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The Krakatoa Eruption page 2


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The noise of that explosion penetrated for thousands of miles. It was heard in New Guinea, South Australia and Ceylon. Nearer to the scene of the calamity, on Java and Sumatra, the detonation was deafening, its effect on the towns alarming. Windows were shattered in their frames, pictures and chandeliers crashed to the floors of houses, even solid walls of stone cracked under the concussion.

One man has left a particularly graphic word-picture of the awful moment when Krakatoa proved that she was still as strong after her long sleep. He was Von Gestle, a Dutch scientist, who was observing, it is believed, from high up on a mountain at Anjer, thirty miles from the volcano. "A glare of fire right in the midst of the water caught my eyes, and all along the Straits, in a line of flame, straight to Krakatoa, the bottom of the sea seemed to have cracked open so that the subterranean fires belched out. There were twin cataracts, and, between the two, rose a great crackling wall of fire. Down this chasm the waters of the Straits were pouring with a tremendous hissing sound, which seemed as if the flames would be extinguished, but they were not."

He could not, from his lofty mountain perch, have seen much more, for visibility was soon blotted out over an area of about a thousand miles by a screen of dust and ashes which, mixed with moisture, eventually turned to a sort of muddy rain. It was under cover of this black-out that the eruption executed the more devastating side of its work. The noise of the explosion itself and the night-by-day were as nothing compared with the tidal waves that accompanied them. If the end of the world had come the sea could not have surged into more appalling chaos. Great masses of water mounted to over a hundred feet high and rolled and raced towards the shores of Java and Sumatra. Incredible as it may seem, the last ripples of them reached as far as London's own River Thames.

Small boats in their path simply vanished and were never seen again. How many of the larger craft rode such seas and survived seems a miracle. As it was, some were lifted and flung like toys on the shore. The stately man-of-war Berouw was actually carried over a mile inland and left high and dry about thirty feet above sea-level. When the disaster was over tons of dust-mud was shovelled from the decks of all the vessels that had been spared.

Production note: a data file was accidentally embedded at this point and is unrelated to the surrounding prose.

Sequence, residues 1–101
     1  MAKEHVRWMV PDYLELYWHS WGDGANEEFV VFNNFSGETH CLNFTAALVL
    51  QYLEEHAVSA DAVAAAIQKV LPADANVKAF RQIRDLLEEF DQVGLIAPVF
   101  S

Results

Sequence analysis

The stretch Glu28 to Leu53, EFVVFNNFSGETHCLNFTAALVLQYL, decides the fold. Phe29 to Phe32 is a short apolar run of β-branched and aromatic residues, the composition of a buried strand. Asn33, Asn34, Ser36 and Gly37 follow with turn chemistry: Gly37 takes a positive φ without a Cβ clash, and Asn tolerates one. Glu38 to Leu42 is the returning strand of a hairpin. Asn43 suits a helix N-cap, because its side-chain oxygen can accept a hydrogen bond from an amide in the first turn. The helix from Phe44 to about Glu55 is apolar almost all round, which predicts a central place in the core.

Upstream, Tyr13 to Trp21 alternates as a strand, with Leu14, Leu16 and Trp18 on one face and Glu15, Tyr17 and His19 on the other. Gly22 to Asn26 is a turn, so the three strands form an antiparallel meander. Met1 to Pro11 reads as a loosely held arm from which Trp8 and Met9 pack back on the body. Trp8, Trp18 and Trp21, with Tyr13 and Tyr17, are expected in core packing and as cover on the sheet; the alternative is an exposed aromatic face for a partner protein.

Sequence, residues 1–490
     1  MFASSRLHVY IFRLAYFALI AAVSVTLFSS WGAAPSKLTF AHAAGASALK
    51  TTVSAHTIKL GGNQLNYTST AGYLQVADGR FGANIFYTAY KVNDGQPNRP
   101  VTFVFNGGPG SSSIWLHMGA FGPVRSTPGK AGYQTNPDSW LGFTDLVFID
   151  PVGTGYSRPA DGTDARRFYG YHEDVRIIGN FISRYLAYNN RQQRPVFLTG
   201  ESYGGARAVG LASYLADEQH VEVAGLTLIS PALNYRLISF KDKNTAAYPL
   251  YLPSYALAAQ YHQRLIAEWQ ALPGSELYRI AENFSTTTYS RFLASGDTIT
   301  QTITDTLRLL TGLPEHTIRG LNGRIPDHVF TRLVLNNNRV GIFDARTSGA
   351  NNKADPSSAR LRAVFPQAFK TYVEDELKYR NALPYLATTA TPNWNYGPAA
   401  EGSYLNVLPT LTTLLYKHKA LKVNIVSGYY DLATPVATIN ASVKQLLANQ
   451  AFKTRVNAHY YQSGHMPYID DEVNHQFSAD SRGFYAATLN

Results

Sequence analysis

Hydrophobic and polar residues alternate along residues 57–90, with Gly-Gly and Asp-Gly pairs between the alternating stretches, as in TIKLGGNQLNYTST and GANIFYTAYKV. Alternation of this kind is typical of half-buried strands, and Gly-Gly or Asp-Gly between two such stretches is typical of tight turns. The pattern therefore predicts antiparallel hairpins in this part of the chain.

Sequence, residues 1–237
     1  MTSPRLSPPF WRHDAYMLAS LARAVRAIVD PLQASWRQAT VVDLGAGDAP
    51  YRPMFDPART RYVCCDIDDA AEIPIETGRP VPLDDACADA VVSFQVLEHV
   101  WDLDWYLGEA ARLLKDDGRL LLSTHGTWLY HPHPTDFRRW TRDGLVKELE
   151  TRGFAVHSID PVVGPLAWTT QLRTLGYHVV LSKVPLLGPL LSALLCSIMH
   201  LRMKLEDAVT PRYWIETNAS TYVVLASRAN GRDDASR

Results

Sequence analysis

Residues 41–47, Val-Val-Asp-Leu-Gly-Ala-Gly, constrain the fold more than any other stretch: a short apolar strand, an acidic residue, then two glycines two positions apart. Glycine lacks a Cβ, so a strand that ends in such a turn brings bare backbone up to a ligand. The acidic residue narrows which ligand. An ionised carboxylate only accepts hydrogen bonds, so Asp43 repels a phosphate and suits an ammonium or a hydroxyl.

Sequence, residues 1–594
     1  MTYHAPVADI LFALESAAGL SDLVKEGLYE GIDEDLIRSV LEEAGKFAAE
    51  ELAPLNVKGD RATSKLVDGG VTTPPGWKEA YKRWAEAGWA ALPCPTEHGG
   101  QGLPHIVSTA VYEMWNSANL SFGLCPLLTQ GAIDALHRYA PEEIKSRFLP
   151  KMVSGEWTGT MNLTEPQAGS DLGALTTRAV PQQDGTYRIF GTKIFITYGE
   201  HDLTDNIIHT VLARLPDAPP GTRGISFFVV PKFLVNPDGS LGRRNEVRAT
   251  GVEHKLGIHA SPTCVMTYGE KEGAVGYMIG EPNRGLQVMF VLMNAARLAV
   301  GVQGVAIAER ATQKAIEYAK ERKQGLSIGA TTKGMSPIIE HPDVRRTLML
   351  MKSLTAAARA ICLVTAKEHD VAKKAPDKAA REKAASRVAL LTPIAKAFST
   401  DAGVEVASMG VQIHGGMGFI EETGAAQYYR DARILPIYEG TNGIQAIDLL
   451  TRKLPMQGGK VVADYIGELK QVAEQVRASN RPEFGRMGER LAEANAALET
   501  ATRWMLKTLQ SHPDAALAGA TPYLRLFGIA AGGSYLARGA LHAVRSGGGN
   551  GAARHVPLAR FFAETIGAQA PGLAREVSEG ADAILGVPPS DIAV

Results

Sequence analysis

Two lighthouses toppled and fell before the watery avalanche. The huge waves swept inland, parts of the coasts of Java and Sumatra irrevocably at their mercy. Nothing could stop the invader. As it roared out of the blackness that hid the sea it killed and destroyed almost without warning. The beautiful little city of Anger, a tropical paradise, was completely overwhelmed, and the nearby village of Sirik submerged. At Merak a Chinese camp was swept away. Over on the Sumatra side a formidable slice of Telok Betong, capital of the Lampong district, vanished in the path of the tidal waters.

And how many perished in the throes of this disaster? A popularly accepted figure is 36,380, including 37 Europeans, but the casualty list has been an elastic one, stretched as high as 100,000. It is certain, however, that any exact estimate was impossible. Many small boats may have been swallowed up in the chasm of fire that, for a flash, spanned the Straits as the volcano cracked and exploded. Again, native populations were at that time more speculative than statistical, and an accurate tally would have been out of the question.